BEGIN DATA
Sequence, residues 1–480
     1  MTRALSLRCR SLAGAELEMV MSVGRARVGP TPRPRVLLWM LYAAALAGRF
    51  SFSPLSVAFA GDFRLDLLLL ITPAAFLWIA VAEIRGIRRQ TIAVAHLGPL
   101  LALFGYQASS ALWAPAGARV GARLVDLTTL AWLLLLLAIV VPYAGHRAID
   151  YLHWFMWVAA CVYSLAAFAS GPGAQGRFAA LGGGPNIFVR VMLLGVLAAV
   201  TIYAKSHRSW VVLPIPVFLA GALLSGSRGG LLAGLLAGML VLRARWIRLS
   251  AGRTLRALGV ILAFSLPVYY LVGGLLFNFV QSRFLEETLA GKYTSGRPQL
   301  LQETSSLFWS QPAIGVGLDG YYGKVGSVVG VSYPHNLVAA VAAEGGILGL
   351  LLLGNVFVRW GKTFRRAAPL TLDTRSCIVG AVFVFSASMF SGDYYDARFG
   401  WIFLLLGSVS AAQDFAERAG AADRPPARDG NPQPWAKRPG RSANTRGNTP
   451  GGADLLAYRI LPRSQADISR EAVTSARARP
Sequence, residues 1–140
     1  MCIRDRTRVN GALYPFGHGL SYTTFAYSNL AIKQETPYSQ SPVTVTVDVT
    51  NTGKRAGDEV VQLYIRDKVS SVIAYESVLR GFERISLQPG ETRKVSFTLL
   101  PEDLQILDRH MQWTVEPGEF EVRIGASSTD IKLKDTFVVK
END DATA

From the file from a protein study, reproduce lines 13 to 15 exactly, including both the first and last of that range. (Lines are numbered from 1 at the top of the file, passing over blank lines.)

     1  MCIRDRTRVN GALYPFGHGL SYTTFAYSNL AIKQETPYSQ SPVTVTVDVT
    51  NTGKRAGDEV VQLYIRDKVS SVIAYESVLR GFERISLQPG ETRKVSFTLL
   101  PEDLQILDRH MQWTVEPGEF EVRIGASSTD IKLKDTFVVK